- While TV ad influence on consumption decisions is about the same across gender lines, Internet ad influence is 33% more likely to be selected by men, and social media chatter slightly more likely (a 10% lift) to influence women the most.
- Those most likely to say they are influenced by TV ads are those aged 45 and older, comprising 65% of total respondents who said this.
- 58% of 18-29 year olds are most influenced by social media chatter, compared to 41% of 30-54 year olds and 29% of those 55 and older.
- Influence by ads on the Internet is more likely chosen by 18-24 year olds, followed by 25-29 year olds, with the rest of the age groups about equal in selecting this influence option.
- Income had very little effect on which option was most influential, except among those making more than $150,000 a year in annual household income: when it comes to ads on the Internet, they are somewhat more likely than the other income groups to select this option.
- Non-parents (also a fairly big proxy for age) are only 22% more likely than parents to be most influenced by social media chatter but 58% more likely than grandparents. This shows a sizable generation gap between grandparents and the generations that follows them.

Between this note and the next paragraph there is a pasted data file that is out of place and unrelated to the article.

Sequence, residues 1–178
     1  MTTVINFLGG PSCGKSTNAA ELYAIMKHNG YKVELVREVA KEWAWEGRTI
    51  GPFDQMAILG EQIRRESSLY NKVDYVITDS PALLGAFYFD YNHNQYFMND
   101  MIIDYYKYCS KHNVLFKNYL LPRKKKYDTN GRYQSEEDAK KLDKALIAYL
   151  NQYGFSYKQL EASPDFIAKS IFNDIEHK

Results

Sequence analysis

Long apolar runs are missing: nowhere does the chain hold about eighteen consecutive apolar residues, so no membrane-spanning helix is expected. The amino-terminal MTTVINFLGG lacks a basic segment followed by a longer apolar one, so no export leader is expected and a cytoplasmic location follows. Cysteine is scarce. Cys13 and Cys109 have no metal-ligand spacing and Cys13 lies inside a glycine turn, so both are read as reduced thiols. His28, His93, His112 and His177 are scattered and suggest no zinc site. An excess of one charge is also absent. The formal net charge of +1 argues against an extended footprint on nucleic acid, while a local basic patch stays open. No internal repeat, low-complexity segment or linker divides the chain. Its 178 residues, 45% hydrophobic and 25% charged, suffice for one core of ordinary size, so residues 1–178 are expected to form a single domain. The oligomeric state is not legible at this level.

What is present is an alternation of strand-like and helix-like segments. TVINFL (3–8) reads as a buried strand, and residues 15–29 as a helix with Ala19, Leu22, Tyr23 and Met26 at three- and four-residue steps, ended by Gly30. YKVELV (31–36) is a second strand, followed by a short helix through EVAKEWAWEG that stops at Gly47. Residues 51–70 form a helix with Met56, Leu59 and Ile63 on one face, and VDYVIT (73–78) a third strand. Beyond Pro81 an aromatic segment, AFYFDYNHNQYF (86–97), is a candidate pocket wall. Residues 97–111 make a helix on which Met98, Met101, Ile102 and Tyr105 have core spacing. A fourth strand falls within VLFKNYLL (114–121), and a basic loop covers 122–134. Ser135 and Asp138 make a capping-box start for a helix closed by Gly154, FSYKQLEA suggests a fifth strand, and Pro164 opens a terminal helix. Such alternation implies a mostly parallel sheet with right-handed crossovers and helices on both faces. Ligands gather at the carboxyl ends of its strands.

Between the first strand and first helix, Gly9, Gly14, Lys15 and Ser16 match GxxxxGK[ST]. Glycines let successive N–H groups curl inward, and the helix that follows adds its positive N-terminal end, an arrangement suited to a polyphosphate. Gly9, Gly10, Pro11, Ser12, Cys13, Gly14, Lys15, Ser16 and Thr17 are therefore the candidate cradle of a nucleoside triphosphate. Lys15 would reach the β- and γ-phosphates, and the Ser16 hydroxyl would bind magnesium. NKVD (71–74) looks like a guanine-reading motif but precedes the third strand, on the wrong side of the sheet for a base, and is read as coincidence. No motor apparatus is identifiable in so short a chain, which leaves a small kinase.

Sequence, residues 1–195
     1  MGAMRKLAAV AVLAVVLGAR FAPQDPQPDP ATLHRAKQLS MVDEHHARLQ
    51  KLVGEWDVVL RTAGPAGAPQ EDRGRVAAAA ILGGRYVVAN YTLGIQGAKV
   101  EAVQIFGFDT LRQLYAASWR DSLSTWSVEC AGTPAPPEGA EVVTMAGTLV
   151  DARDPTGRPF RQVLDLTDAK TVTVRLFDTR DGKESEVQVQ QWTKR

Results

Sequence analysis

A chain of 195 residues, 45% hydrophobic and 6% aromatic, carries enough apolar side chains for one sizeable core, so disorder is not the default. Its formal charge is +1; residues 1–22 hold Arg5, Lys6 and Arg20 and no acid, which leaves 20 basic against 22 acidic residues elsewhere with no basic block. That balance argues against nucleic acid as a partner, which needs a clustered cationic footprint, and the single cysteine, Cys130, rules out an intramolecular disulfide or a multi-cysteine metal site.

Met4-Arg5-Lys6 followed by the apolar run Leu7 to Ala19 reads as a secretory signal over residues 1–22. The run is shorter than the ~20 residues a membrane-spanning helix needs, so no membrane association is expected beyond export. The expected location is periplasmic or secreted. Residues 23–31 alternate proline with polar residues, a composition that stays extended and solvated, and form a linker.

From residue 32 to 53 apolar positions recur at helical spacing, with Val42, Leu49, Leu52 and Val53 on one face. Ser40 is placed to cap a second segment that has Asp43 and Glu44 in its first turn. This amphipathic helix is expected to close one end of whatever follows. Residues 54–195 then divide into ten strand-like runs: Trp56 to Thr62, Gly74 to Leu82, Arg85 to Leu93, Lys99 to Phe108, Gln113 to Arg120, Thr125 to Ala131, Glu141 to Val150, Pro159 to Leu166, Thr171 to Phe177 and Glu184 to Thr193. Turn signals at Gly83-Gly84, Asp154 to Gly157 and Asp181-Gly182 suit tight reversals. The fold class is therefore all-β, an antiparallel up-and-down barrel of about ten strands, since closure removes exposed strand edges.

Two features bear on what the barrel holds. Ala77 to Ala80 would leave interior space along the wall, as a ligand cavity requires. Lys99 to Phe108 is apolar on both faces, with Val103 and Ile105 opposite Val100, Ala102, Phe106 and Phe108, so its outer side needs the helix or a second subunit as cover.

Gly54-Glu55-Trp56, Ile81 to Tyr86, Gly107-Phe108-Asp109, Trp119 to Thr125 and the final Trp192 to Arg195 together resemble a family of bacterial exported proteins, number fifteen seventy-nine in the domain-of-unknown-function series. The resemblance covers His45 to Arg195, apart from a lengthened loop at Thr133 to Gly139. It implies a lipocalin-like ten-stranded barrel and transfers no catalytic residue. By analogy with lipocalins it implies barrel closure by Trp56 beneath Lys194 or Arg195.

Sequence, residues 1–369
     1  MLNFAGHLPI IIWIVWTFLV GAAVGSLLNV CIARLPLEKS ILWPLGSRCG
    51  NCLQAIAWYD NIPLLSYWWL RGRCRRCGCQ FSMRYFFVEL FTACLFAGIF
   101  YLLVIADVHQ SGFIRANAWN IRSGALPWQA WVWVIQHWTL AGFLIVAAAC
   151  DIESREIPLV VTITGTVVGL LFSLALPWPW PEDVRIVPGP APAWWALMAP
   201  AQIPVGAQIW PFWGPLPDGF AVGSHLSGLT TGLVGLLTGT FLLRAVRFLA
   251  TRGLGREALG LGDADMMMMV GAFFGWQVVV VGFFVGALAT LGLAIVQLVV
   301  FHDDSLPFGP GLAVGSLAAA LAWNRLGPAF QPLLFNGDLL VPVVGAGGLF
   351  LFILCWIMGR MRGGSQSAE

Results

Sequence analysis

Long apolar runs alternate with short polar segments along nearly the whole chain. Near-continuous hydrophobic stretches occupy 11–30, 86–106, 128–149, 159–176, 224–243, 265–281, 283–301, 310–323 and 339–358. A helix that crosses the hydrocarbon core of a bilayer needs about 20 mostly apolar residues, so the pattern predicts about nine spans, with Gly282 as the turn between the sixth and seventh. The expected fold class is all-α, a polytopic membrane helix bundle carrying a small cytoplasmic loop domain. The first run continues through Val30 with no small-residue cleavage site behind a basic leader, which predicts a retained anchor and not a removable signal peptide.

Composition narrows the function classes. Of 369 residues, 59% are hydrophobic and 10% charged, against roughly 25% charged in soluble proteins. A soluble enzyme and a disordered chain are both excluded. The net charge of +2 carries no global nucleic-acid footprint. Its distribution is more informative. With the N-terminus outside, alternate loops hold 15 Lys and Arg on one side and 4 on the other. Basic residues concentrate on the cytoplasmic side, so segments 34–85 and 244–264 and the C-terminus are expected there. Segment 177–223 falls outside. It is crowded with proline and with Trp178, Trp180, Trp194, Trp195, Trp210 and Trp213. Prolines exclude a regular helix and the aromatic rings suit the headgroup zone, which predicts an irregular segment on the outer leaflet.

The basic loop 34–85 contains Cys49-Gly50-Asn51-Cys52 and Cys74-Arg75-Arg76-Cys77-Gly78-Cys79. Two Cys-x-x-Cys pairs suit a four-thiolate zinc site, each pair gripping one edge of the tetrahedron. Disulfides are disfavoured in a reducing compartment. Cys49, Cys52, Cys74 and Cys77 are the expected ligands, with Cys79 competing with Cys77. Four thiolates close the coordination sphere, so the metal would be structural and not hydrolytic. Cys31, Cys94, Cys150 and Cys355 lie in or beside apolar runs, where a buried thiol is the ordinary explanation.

- Among parents: Those influenced the most by Internet ads or social media chatter are more likely to have children under the age of 16 than those influenced most by TV ads.
- Grandparents are 21% more likely than parents and 63% more than non-parents to be influenced by TV ads.
- No huge surprise is that those who are most influenced by TV ads tend to watch more hours of TV each day – in fact, they’re almost 2X more likely to watch 4+ hours per day compared to those most influenced by Internet ads. Those influenced the most by Internet ads watch the least amount of TV on a daily basis:
- The consumption influences of both social media chatter and Internet ads correlate to much lower likelihood of watching news programming on TV: Those respondents are about 3X more likely than those influenced the most by TV ads to say they watch ZERO hours of TV news per week. Conversely, those most influenced by TV ads are 2X more likely to watch 10+ hours of news per week.
- When asked about the primary way they watch TV, respondents who said they favor “Live” TV are 57% more likely to say they’re most influenced by TV ads vs. social media chatter. DVR viewers are 27% more likely to be influenced by social media chatter vs. TV ads, and those who most often view TV via online streaming are 244% more likely to say their consumption choices are influenced the most by Internet ads or social media chatter as opposed to TV ads.